In his column, E.J. Dionne Jr. cites the founder of modern conservatism, Edmund Burke, in order to criticize Republicans. Unfortunately for Dionne, there are some Burke scholars out there who are actually familiar with Burke’s words and the context in which they were spoken. They don’t rely on Bartlett’s when they invoke Burke. And in this instance, Burke was making quite a different argument than Dionne portrays.
Dionne also writes this:
Alas for all of us and for American conservatism in particular, the new Republican majority that took control of the House on Wednesday is embarked on an experiment in government by abstractions. Many in its ranks pride themselves on being practical business people, but they behave as professors in thrall to a few thrilling ideas.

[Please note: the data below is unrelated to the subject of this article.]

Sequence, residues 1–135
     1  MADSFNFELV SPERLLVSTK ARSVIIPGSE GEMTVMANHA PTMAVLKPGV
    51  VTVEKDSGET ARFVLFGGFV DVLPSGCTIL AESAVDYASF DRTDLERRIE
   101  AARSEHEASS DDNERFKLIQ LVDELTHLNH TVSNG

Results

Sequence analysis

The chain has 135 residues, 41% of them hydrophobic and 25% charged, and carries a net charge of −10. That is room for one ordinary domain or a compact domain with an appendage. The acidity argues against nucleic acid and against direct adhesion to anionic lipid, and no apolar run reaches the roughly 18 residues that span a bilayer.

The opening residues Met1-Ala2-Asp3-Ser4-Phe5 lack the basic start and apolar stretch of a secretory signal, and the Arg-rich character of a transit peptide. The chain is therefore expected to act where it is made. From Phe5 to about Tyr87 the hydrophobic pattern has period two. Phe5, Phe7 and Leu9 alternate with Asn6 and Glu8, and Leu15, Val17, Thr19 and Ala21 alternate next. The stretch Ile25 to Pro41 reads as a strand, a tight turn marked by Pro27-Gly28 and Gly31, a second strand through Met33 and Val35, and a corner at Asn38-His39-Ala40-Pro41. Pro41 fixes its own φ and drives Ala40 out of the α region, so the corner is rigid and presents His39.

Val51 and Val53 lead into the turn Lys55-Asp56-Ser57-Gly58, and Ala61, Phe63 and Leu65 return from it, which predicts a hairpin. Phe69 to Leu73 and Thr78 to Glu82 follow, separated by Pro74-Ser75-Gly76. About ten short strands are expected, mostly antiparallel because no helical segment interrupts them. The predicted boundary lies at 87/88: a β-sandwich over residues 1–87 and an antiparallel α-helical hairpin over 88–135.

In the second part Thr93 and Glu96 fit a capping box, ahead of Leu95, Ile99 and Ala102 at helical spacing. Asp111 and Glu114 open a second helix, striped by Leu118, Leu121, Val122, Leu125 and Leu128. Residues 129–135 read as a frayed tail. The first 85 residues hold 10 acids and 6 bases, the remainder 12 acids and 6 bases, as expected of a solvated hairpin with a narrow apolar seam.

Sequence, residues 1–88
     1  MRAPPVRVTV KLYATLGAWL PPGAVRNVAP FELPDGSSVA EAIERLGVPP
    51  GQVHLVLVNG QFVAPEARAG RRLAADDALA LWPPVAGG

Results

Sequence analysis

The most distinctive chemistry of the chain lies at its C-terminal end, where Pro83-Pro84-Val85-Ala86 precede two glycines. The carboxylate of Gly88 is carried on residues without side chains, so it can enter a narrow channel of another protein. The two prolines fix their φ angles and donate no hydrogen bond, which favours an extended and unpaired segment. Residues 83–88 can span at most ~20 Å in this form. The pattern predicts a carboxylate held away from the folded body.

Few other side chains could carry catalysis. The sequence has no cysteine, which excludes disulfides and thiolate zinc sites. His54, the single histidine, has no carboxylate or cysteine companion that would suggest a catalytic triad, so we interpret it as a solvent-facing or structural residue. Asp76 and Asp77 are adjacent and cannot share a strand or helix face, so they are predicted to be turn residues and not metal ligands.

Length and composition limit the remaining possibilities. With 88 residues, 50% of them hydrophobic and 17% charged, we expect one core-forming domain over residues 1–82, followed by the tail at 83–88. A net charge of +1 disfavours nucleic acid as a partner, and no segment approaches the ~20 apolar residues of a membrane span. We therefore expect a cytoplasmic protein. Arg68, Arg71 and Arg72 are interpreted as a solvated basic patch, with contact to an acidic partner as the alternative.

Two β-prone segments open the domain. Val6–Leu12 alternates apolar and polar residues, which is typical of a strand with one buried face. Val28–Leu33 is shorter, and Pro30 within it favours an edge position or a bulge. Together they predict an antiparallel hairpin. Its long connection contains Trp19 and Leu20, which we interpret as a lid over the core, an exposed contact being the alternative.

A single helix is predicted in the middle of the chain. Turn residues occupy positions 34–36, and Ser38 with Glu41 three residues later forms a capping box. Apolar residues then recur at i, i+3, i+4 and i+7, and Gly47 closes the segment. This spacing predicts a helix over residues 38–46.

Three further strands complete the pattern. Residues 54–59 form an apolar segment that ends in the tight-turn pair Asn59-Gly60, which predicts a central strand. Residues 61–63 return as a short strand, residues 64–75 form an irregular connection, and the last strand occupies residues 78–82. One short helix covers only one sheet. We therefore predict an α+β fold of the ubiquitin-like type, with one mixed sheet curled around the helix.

Here Dionne is reverting to what is, for him, a polemical reflex: citing conservatives in the past to berate conservatives of the present, usually for not being “true” conservatives. I recall in the 1990s discussing welfare reform with E.J., who was a passionate critics of it. In making his argument against welfare reform, Dionne invoked … Edmund Burke. I didn’t find that argument persuasive then, and it’s even less persuasive now. Welfare reform turns out to have been one of the great social policy successes of the last half-century. That’s worth bearing in mind when, down the road, Dionne once again casts himself in the role of the arbiter of true conservatism.